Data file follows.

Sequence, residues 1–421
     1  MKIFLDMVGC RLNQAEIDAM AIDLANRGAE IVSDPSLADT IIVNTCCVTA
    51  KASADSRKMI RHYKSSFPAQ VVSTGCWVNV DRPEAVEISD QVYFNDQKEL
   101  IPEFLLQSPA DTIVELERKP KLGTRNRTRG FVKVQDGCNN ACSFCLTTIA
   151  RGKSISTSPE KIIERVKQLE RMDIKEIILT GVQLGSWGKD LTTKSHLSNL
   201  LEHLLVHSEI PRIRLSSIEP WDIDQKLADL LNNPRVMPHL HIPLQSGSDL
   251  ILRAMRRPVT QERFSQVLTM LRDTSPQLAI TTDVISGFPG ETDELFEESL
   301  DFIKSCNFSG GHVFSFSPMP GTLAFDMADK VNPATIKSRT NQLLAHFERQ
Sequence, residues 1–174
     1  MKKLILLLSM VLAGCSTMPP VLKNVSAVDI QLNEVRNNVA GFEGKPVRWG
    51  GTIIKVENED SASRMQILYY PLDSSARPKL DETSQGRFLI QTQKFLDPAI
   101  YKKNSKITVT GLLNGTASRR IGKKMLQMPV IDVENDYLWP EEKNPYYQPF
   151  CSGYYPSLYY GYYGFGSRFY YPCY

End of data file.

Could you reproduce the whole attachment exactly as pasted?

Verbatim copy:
Sequence, residues 1–421
     1  MKIFLDMVGC RLNQAEIDAM AIDLANRGAE IVSDPSLADT IIVNTCCVTA
    51  KASADSRKMI RHYKSSFPAQ VVSTGCWVNV DRPEAVEISD QVYFNDQKEL
   101  IPEFLLQSPA DTIVELERKP KLGTRNRTRG FVKVQDGCNN ACSFCLTTIA
   151  RGKSISTSPE KIIERVKQLE RMDIKEIILT GVQLGSWGKD LTTKSHLSNL
   201  LEHLLVHSEI PRIRLSSIEP WDIDQKLADL LNNPRVMPHL HIPLQSGSDL
   251  ILRAMRRPVT QERFSQVLTM LRDTSPQLAI TTDVISGFPG ETDELFEESL
   301  DFIKSCNFSG GHVFSFSPMP GTLAFDMADK VNPATIKSRT NQLLAHFERQ
Sequence, residues 1–174
     1  MKKLILLLSM VLAGCSTMPP VLKNVSAVDI QLNEVRNNVA GFEGKPVRWG
    51  GTIIKVENED SASRMQILYY PLDSSARPKL DETSQGRFLI QTQKFLDPAI
   101  YKKNSKITVT GLLNGTASRR IGKKMLQMPV IDVENDYLWP EEKNPYYQPF
   151  CSGYYPSLYY GYYGFGSRFY YPCY